President Trump’s budget blueprint recommends cutting Capital Investment Grants, the program that would fund stations, larger 60-foot buses, and other construction and technology investments for the Laker Line.
“The Laker Line was included in the FY17 administration budget, and received funding recommendations in both the House and Senate versions of the FY17 budget, so we are confident there has been agreement among the appropriators that this is a project that should move forward,” said Peter Varga, CEO of The Rapid. “We’ve already had the project thoroughly vetted and received one of the highest ratings for any project considered for FY17 funding.”
The Laker Line, a bus rapid transit (BRT) project, would connect Grand Valley State University’s Allendale Campus with Medical Mile, serving key destinations in the cities of Walker and Grand Rapids along the way. In anticipation of the line, new development is planned along Lake Michigan Drive at the Cummings and Ferndale intersections and there will be a station for access to the Standale Trail. In downtown Grand Rapids, stations will be placed to serve employers large and small. Some of the stations will be shared with the Silver Line, improving connectivity and taking advantage of existing transit assets. The other end point of the route will be at Michigan and Lafayette, offering students, employees, and visitors an efficient, cost-effective way to commute from the west while reducing parking burdens on Medical Mile and in surrounding neighborhoods.
“This is an important project to our region’s economic health and mobility,” said Varga. “We are urging Congress to include FY17 projects that have funds recommended for appropriation so we can get the grant agreement to begin construction.”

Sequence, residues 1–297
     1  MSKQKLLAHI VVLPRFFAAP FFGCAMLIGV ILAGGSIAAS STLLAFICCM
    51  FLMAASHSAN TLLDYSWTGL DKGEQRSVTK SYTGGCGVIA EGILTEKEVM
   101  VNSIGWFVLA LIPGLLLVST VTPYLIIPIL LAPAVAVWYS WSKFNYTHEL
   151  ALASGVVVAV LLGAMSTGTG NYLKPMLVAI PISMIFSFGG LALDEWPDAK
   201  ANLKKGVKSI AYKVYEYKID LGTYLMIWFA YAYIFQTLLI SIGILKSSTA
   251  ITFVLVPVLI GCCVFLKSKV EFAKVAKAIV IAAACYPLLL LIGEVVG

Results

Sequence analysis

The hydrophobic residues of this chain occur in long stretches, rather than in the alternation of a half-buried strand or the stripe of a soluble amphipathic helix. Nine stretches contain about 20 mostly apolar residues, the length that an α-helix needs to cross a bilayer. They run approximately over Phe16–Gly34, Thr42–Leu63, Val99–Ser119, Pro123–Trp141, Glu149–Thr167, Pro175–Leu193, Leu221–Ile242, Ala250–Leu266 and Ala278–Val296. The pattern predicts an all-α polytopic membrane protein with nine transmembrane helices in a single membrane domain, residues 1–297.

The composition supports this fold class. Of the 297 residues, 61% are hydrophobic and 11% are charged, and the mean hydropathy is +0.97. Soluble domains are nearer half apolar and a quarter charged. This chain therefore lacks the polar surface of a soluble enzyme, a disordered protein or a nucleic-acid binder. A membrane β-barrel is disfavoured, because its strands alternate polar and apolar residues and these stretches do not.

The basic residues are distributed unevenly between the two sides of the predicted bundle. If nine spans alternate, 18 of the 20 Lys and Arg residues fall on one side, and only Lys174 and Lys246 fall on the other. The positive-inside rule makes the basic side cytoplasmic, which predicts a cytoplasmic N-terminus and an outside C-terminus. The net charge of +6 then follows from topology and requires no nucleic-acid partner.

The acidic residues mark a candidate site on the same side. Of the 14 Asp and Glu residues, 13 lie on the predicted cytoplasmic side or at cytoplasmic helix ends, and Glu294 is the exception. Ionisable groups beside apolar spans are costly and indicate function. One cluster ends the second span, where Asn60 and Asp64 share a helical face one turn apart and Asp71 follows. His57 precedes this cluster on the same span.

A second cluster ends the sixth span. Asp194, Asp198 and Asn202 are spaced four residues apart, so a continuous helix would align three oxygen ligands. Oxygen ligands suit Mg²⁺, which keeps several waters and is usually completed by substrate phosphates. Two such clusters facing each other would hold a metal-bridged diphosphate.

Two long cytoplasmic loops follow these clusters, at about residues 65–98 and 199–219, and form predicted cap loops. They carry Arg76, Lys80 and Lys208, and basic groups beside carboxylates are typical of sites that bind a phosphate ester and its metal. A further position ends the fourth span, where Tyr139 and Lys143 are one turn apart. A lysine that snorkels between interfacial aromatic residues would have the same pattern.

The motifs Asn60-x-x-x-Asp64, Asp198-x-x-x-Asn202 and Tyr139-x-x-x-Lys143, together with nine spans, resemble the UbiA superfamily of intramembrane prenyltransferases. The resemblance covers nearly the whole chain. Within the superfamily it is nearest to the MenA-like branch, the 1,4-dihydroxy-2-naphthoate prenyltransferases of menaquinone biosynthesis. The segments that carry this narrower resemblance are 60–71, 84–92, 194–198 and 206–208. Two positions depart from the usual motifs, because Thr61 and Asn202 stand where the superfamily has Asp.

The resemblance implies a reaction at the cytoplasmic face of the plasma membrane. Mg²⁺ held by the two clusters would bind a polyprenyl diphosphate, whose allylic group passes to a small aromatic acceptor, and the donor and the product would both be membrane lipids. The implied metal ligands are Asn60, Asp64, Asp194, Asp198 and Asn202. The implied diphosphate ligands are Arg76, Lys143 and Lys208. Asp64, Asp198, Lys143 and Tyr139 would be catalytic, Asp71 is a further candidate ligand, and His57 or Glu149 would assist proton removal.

The capital investment made in this project is expected to result in a 50 percent increase in the number of riders that can be served, which is important in comparison to the projected increase in population, employment, and enrollment, resulting in ridership demand along the line. Within one to two years of opening, ridership is projected to be at 13,000 daily, a 23 percent increase over the existing Route 50 which is already operating in the corridor.
The project has been endorsed by a number of local entities, including businesses and economic development interests, local governments, educational institutions, and healthcare providers. A full list is provided below.
The operating costs of running the service will be provided by GVSU in a similar arrangement to the contract for service that currently funds the Route 50. No additional local or state funding is needed to operate the service.
Entities in Support of the Laker Line
- City of Grand Rapids
- City of Walker
- County of Kent
- County of Ottawa
- Disability Advocates of Kent County
- Downtown Grand Rapids Inc.
- Grand Rapids Chamber of Commerce
- Grand Valley State University
- Local First
- Meijer Corporation
- Michigan Department of Transportation
- Michigan State University—College of Human Medicine
- The Right Place
- Spectrum Health System
- Walker/Standale DDA
- West Fulton Business Association
- Westown Collaborative